CloudFormation handles state within its cloud-based engine. Therefore, all conflict management is dealt with centrally, making it generally easier to deal with than Terraform when it comes to state management.

Resource coverage

CloudFormation and Terraform are comparable in their ability to provision Amazon cloud services. However, one significant benefit that Terraform has over CloudFormation is cloud independence. If you have a hybrid cloud environment, Terraform could configure multiple clouds as needed. Ultimately, this would cut down on the number of tools you would need to manage all your environments.

Change management

Before you apply any configuration changes, it's prudent to verify what's about to happen. CloudFormation offers Change Sets to validate and test your changes. Similarly, Terraform provides the output of a detailed execution plan that outlines everything about to change. Both tools offer similar functionality for change management.

Staged/Rolling updates

CloudFormation, as a native AWS tool, integrates with AWS Auto-Scaling Groups, which enables you to roll your changes to your EC2 instances as needed. Terraform does not have this integration and applies to all targeted instances equally.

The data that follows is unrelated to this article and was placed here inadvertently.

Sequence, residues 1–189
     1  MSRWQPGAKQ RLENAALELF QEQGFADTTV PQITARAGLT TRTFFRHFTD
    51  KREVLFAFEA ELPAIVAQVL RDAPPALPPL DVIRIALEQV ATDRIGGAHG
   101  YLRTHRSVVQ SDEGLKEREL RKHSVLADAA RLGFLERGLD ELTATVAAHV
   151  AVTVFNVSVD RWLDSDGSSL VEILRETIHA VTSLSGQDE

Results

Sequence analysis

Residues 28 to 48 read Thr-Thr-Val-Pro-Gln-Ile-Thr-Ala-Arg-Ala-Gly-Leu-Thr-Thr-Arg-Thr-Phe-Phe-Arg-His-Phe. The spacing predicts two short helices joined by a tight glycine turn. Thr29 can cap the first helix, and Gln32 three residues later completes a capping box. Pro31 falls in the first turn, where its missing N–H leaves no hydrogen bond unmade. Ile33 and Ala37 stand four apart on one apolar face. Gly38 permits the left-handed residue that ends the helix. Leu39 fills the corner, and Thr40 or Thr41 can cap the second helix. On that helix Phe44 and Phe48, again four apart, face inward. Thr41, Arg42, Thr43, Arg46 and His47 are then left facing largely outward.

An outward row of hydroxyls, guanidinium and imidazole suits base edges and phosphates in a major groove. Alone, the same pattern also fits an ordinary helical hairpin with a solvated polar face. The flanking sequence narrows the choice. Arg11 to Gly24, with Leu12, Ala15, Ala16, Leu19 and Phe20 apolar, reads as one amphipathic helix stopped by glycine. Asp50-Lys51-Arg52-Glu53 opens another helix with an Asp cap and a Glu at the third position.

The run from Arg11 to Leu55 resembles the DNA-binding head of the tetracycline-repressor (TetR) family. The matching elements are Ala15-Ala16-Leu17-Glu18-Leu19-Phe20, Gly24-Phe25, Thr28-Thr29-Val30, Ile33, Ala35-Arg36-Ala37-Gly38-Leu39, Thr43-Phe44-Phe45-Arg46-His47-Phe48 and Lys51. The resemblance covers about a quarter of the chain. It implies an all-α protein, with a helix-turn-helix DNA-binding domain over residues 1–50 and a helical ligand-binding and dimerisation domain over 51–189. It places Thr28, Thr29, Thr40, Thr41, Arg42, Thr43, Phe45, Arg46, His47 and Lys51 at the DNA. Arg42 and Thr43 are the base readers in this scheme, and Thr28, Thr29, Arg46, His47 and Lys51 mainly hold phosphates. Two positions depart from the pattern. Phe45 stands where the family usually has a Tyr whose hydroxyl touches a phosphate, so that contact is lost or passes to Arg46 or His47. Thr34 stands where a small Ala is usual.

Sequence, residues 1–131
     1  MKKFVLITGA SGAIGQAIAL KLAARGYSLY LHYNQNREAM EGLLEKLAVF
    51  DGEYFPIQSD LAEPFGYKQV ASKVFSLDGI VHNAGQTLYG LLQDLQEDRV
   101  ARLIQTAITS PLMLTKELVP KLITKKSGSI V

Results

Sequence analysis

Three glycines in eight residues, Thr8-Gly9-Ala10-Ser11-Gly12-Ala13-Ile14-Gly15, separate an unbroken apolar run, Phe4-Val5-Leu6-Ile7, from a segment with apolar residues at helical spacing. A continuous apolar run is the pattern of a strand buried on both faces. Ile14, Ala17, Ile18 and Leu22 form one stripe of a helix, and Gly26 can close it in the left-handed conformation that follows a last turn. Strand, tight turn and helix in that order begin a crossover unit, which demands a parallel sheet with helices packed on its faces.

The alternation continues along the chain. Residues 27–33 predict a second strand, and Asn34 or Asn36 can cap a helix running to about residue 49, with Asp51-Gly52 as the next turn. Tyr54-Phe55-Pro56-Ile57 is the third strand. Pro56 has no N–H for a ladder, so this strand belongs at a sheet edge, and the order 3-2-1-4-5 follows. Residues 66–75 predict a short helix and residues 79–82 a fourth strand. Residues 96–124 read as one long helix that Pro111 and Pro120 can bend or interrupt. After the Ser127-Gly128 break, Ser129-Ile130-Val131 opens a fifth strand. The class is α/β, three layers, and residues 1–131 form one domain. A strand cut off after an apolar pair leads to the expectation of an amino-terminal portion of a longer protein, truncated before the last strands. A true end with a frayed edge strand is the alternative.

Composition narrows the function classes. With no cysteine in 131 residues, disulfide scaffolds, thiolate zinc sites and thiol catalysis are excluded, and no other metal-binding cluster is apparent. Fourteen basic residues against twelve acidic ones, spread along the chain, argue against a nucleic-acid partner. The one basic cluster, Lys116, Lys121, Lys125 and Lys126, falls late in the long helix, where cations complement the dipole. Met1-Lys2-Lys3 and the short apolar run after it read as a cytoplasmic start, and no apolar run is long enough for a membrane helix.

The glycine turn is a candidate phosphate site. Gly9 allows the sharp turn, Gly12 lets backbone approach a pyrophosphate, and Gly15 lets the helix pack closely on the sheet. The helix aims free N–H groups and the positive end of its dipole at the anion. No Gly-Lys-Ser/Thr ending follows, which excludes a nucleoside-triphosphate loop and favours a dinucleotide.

You could use Terraform to manually target instances to get the same rolling effect, but Terraform lacks the ease and flexibility of CloudFormation in this case.

Terraform and CloudFormation together

Terraform and CloudFormation can absolutely work together. Whether you would want to, though, depends on what you want to accomplish. For example, if you have a multi-cloud architecture, you could manage Microsoft Azure resources with Terraform and manage AWS resources with CloudFormation. Or, as another example, you could work with both tools in AWS -- Terraform for local and smaller cloud development environments and CloudFormation for production environments.

But, since the tools don't share state, it would be a challenge to synchronize configurations, management and other aspects. It might ultimately result in more problems than solutions.

AWS CloudFormation vs. Terraform examples

Below are two examples to demonstrate both the similarities and differences in the template languages. Please note that these are simplified and don't contain all the potentially necessary authentication information. We've stripped down these examples to compare the configuration differences between the languages.